Bicycle Diaries chronicles David’s observations and insights — what he is seeing, whom he is meeting, what he is thinking about — as he pedals through and engages with some of the world’s major cities. In places like Buenos Aires, Istanbul, San Francisco, and London, the focus is more on the musicians and artists he encounters. Politics comes to the fore in cities like Berlin and Manila, while chapters on New York City, and on the landscaped suburban industrial parks and contemporary ruins of such spots as Detroit, Pittsburgh, and Columbus are more concerned with history in the urban landscape. Along the way, DB has thoughts to share about fashion, architecture, cultural isolation, globalization, and the radical new ways that some cities, like his home town, are becoming more bike-friendly — all conveyed with a highly personal mix of humor, curiosity, and humanity.
I find it a riveting read and I can really relate to what he is saying sometimes when I ride my bike. On top of that he has made me want to take Ernie much further afield than Winchester- just got to save up the money or maybe get a reader of this blog to sponsor me… Anyway if you would like a quirky, informative read with some very interesting opinions on what is seen this book is well worth a read! David Byrne has also been campaigning for better cycle routes in New York and has been designing artistic bike racks- here is a video all about them:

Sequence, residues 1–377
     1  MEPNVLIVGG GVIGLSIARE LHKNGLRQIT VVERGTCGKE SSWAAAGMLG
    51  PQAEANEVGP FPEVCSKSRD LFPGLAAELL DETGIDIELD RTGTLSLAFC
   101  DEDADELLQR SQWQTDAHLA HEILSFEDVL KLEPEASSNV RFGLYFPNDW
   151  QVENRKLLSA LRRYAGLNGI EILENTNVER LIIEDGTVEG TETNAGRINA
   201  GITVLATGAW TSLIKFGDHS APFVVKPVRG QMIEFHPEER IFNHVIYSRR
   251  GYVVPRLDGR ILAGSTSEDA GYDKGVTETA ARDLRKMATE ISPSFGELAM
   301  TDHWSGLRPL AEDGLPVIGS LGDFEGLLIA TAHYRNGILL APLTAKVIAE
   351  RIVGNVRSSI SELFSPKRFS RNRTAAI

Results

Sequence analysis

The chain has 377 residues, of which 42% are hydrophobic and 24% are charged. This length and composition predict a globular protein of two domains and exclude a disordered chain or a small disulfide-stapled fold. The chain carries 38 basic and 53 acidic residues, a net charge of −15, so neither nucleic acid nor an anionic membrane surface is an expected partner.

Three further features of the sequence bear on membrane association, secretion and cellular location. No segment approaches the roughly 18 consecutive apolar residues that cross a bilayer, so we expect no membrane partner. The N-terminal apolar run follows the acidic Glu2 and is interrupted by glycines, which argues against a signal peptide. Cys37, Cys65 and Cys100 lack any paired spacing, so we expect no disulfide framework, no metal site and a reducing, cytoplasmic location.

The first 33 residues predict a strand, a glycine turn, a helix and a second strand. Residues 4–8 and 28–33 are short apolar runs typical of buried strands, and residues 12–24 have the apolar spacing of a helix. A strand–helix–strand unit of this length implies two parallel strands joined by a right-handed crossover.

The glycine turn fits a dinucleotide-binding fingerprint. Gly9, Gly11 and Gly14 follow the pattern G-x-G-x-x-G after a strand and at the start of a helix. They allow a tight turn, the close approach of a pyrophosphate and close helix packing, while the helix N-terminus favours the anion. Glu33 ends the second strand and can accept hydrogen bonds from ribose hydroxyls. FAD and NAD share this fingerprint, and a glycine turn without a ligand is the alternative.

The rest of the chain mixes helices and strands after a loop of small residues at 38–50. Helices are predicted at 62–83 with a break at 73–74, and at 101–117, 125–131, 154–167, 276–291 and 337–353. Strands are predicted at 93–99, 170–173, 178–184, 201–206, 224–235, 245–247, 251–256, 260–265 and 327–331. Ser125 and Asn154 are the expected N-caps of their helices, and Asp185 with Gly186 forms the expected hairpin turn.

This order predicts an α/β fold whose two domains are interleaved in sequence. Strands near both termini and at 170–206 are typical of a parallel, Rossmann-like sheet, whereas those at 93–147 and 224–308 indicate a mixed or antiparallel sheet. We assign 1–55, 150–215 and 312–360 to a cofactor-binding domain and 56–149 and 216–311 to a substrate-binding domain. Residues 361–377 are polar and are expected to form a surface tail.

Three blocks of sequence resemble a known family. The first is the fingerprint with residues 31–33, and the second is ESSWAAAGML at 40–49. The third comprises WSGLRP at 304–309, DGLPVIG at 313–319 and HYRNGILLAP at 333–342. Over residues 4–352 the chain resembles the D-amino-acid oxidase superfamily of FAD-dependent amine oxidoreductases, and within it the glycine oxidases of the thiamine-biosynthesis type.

Finally, I was in the library the other day when I decided to take a little break from my studying and I thought I would see if he had a blog- sure enough he does! The most recent entry is all about a talk he did at some convention called TED and it’s all about the creation and evolution of spaces to play and hear music in. Fascinating stuff if you’re really into this kind of thing- or just sad like me. Well, anyway, the choice is yours of whether you’d like to read it or not- click here.
Altogether this is a man who has inspired me musically, how I would perform on stage if I had the freedom to (bit too crazy for City Church) and with my cycling adventures. I will leave you with his self interview he did…